A love for Lent
One of our sisters shared this personal story during our worship service last Sunday. She agreed to allow me to post it as long as I didn’t use her name. It touched me deeply at many levels. Hope you enjoy! – Ron Simkins
I love Lent. In an economy that refuses to be bound by weather or season, where we want asparagus in December and lettuce in the wilting heat of summer, Lent reminds us of the importance of spiritual seasons. In a culture focused on cultivating each of our individual wants and desires, Lent fulfills a need that we rarely allow ourselves to even recognize.
I love Lent like others love Advent, like kids love Christmas. For me, anticipating Lent is like gazing at a gift under the tree, waiting to be unwrapped. Each year it is a new discovery, slowly unfolding over 40 days. While I would be hard pressed to remember past Christmas presents, I can easily recall the gifts of Lents passed. They sit under the tree with this year’s slowly-emerging gift, beckoning me to remember the ways that God worked unexpectedly through the addition or the surrender of a particular habit.
I was not raised with Lent (or Advent, for that matter). I am not Catholic. No, I met Lent in adolescence, an unexpected introduction at boarding school. Even then I intermingled the Jewish and the Catholic: one of the first things I gave up was bread with any leavening, in solidarity with my Jewish friend eschewing it for Passover. I am a non-denominational, independent individualist God-seeker, Jesus-follower, who has found a hunger for community and ritual that are often satisfied by dining at the Jewish table, and borrowing from Catholic traditions. Nowadays my Lent is punctuated by weekly Shabbat meals, the Esther fast that prepares us for loud and joyful Purim, and the Passover Seder.
A friend once expressed her frustration with Lent, saying that Advent is a community celebration while Lent is so individual and personal. “Aha!” I thought, “that is why my Montana individualist self fell in love with Lent! while my efforts at Advent feel more strained, out of obligation, for the good of the children. And yet my love of Lent makes me an evangelist, wanting others to join in and taste this gift, crossing the line from individual to community. I revel in my private journey of Lent, but seek to draw others in, through table decorations and discussion, hoping my love of Lent will be contagious.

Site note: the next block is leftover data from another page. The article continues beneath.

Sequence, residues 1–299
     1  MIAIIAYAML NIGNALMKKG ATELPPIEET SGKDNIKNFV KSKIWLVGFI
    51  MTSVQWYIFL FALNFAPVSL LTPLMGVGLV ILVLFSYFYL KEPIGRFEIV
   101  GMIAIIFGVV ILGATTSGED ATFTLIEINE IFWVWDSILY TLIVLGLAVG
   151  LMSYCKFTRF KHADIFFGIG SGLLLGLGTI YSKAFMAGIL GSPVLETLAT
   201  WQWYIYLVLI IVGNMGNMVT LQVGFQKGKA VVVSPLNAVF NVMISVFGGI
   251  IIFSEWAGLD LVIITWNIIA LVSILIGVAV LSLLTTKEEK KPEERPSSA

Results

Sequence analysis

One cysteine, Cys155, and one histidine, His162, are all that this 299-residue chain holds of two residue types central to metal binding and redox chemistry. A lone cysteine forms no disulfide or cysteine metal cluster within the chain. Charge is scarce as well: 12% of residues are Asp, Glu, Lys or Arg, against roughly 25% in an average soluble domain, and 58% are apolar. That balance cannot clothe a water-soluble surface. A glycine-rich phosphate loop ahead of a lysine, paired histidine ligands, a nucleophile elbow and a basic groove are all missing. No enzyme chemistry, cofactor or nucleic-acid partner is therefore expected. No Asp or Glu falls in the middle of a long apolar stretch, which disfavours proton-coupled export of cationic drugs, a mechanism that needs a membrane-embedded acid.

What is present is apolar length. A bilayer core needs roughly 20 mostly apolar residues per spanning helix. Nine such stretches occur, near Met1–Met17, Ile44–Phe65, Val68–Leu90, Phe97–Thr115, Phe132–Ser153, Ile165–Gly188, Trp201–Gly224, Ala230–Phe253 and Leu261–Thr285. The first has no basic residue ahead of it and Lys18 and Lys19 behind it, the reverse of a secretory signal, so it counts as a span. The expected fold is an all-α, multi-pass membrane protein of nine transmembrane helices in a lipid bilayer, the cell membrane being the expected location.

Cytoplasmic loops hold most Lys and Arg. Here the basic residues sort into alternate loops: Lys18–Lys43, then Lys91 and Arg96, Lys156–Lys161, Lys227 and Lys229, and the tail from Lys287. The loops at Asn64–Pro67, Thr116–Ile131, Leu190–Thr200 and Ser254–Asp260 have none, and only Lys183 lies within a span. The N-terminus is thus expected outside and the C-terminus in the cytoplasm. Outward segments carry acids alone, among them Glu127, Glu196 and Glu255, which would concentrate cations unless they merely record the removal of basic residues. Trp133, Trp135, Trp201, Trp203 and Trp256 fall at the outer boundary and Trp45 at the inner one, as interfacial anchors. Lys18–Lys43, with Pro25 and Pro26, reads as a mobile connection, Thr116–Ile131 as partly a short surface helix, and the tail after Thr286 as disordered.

For me, Lent is for making myself available, to surrender something of my habits and routines, to allow something new, a time set aside. In the days before Lent, I try to open myself up to listen, to feel the Spirit prompting me. Sometimes the reasons for taking on a certain discipline are not clear until later, like the year I gave up alcohol for Lent. That was the year my sister was hospitalized with an aggressive, non-cancerous tumor that consumed her hip socket; I spent that Lent commuting to Chicago to sit with her in the pain and uncertainty, clinging to Catholic mass and Ann Lamott, knowing that the stark clarity of complete sobriety was a gift that I would not have known to give myself. As I questioned the goodness of God and the meaning of prayer and shouted my doubt at the heavens, I felt the steady beat of that Lenten gift carrying me through.
Another year I felt the urge to add the (sacred) practice, the privilege, of hosting each of the pastoral staff and their families for dinner during Lent. That was a time of difficulty and division at NCF, when people we had walked with many years decided to part ways. Sharing a meal with each of the ministers and their family helped affirm our love, even as we often did not see eye to eye on the issues and division among us. And in some cases that was one of the last family meals we shared together before our roads took us in divergent directions.
For anyone who has known Jubal and me for any length or depth of time, you know that we run on different clocks. This has been a bone of contention over the almost 17 years of our marriage that has challenged us in many ways. One year it occurred to me, like a lightning bolt (or slap in the face J), to give up being angry that he was “late” (otherwise known as: not on my schedule). The idea was shocking to me, and seemed quite impossible, but it was one of the most profound and cherished gifts of Lenten seasons past. While it did not “solve” everything, it did open my eyes to new possibilities, new ways of seeing.
Each of these Lenten gifts was somewhat unexpected, affirming my often tenuous belief in the ability of God to break through into my life, to surprise me. They required a step of faith that doing something different for a time could have more meaning than what was immediately clear to my tired eyes.
So, as we continue in this Lenten season, I urge you to try opening yourself up to Lent as a pathway to God. If this is new to you, take a small step. I hope it would be big enough to be significant and not easily forgotten, yet small enough not to set yourself up for failure. And a word of caution: please don’t use Lent as a self-improvement opportunity, to start that diet or exercise program that you’ve already been feeling guilty about. Lent is an opportunity for surrender, to choose discipline, and be surprised by the freedom within it. It was not until this year that I realized that “giving something up” was a process of surrender, a difficult practice for a rabid individualist such as myself. That is the Lenten gift that I am savoring this year: the timid and persistent exploration of surrender- of routines that preclude openness, of structure that reassures, but leaves little room to experience whatever that elusive gift that is surrender.
My hope is that you will see Lent in a new way, a possible pathway, perhaps hidden by underbrush, or disguised in shadows, but worth seeking to see what gifts lie in store.